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I'm Full of Questions. Uberti '73 and Winchester / Miroku '92 .357 Only?


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So, my friend who has recently begun CAS was at a gun shop today, and they had Uberti 1873 and Winchester / Miroku '92 rifles in. He was about to purchase one, when the salesperson informed him they are ".357 Mag only," and not .38 SPC. I was somewhat befuddled, and nothing I could spot on the respective websites mentioned .38 SPC. So, I bring the question here. What am I missing?

As an aside, I did steer him away from the Henry in .38 SPC/.357 Mag, with side loading gate and tube loading.

 

I'm warning everyone... Don't make me break out the Meh...

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Believe the only thing you are missing is a knowable sales person     GWA

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42 minutes ago, G W Wade said:

Believe the only thing you are missing is a knowable sales person     GWA

 

I thought about that, but the rifles only have .357 Magnum printed on the barrels, and I got to thinking, which is always a dangerous thing, that the '92, at least the Rossi built ones like I have, can be finicky about overall length, so maybe that is it. Of course, it still wouldn't explain the '73, but having limited experience with them I was wondering why they would be .357 only. It made no sense to me. I had a Beretta for a brief period before career change dictated I sell it, and I know I shot .38s through it, and thought it had both .38SPC and .357 Mag stamped on the barrel. Still, one would expect some mention on the Uberti's website.

 

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I have several Uberti '73's.

All of them are marked "357 magnum" or "cal 357 mag"

None of them have ever had anything but 38's run through them.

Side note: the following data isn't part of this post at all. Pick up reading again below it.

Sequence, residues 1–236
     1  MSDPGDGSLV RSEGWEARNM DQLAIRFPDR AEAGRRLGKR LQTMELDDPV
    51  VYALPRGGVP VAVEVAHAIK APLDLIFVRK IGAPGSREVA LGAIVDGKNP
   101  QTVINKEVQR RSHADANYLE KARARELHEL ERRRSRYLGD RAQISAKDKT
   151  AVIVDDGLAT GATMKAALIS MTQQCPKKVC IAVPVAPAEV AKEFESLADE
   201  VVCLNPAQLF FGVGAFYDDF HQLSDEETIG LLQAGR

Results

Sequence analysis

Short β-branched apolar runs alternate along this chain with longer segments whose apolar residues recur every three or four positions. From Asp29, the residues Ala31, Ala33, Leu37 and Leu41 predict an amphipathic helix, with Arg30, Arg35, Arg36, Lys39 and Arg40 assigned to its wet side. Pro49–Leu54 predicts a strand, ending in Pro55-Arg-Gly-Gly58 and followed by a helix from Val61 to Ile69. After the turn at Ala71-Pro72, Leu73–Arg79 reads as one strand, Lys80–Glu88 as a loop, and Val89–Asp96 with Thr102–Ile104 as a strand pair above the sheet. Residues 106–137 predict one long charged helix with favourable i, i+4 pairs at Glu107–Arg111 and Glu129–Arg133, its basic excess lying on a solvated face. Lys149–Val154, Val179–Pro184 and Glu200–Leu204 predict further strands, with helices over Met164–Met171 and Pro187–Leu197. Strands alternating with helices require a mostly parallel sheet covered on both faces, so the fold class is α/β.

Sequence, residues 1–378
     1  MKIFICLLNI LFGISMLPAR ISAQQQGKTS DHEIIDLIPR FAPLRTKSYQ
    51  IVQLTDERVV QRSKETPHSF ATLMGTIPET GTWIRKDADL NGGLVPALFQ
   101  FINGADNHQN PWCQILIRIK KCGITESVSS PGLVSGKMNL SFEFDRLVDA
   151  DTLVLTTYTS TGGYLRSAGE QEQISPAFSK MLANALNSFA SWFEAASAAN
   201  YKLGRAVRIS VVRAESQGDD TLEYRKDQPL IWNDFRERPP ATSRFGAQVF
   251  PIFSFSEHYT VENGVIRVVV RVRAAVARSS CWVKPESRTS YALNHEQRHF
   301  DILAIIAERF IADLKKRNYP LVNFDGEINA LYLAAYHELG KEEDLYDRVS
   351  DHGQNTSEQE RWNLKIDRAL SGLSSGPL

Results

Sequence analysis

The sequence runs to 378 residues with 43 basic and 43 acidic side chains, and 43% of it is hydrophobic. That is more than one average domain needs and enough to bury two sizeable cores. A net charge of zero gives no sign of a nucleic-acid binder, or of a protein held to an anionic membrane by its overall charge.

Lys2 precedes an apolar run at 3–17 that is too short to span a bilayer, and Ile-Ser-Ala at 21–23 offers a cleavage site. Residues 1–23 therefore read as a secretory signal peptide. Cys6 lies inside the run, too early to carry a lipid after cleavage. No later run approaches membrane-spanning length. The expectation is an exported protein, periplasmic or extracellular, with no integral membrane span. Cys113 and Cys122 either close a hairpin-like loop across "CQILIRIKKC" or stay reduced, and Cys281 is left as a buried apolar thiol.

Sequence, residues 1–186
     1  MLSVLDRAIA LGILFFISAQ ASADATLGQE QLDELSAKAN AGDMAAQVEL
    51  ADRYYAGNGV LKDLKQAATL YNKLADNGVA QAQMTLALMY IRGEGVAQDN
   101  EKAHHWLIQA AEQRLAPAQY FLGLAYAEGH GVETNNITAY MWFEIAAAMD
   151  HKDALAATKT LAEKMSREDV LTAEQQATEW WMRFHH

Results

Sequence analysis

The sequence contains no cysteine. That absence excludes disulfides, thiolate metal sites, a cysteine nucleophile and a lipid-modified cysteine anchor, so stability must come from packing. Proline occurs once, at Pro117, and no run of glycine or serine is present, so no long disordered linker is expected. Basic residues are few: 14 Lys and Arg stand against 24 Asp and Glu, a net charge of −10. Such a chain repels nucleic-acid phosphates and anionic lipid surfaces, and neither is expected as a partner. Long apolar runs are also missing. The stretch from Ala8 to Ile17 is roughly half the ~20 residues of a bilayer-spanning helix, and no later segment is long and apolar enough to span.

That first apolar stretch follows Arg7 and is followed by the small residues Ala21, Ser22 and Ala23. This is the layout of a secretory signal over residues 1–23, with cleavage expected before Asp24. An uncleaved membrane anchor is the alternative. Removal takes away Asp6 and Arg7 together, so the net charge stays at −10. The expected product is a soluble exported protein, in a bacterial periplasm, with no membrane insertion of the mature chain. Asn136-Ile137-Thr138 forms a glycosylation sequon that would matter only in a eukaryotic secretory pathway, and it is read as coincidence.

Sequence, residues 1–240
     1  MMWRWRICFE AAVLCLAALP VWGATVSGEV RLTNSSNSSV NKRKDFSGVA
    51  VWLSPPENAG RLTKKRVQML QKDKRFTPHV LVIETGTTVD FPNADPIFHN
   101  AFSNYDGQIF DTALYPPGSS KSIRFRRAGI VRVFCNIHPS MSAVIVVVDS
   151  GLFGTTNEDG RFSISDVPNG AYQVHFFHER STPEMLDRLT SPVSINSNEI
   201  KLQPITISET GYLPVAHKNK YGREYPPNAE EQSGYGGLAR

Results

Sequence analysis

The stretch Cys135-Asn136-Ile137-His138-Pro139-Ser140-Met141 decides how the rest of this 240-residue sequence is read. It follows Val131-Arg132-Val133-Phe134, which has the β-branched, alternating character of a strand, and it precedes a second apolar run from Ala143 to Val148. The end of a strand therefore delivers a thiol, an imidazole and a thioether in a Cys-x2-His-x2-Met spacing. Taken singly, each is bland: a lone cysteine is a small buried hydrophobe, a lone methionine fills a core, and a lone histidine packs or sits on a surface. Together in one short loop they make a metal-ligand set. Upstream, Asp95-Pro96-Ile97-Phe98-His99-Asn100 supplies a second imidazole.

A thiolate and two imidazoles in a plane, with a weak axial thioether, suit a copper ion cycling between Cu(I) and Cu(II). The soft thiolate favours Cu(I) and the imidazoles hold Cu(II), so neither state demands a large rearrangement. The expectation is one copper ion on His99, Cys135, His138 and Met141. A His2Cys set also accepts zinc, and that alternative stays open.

YMMV

Regards

:FlagAm:  :FlagAm:  :FlagAm:

Gateway Kid

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I have a 73 in .357 and shoot .38’s all the time. The salesperson was uninformed !

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Thanks for the responses. They're pretty much what I expected. Clearly, the .38 doesn't present a problem to a .357 chambered '73 or especially a '92 as far as pressures and the like go. The only thing that made sense to me was an OAL thing. And again, only in the '92.

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I've got a '73 and have noticed that if you are loading deep seated 38's with light bullets you may run into a problem with the COL not being long enough to prevent a second round from just barely entering the carrier, preventing it from rising.

 

One option would be to load 357 cases but to 38 spec loads, but that's a solution looking for a very very rare problem. 

 

Ideally just make sure the COL isn't too short. I think my limit is 1.410 or something around there (=/- a few thou). 

 

Side note, I only experienced that problem with a full or nearly full tube. loaded 3 or 4 shorties and it ran fine. When I loaded all ten is when I got the feeding problems. 

 

As Gateway Kid Says: YMMV

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1 hour ago, DocWard said:

Thanks for the responses. They're pretty much what I expected. Clearly, the .38 doesn't present a problem to a .357 chambered '73 or especially a '92 as far as pressures and the like go. The only thing that made sense to me was an OAL thing. And again, only in the '92.

My OAL for .38's is 1.45 works just fine in my 73.

 

 

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357 nominal is 1.59,

I've seen 38SP loads for cast bullets range from 1.189 to 1.585 OAL
And 357 cast loads from 1.51 to 1.62" OAL

There are many loads for 38SP in the 90 to 158 grain range that are 1.45 and longer.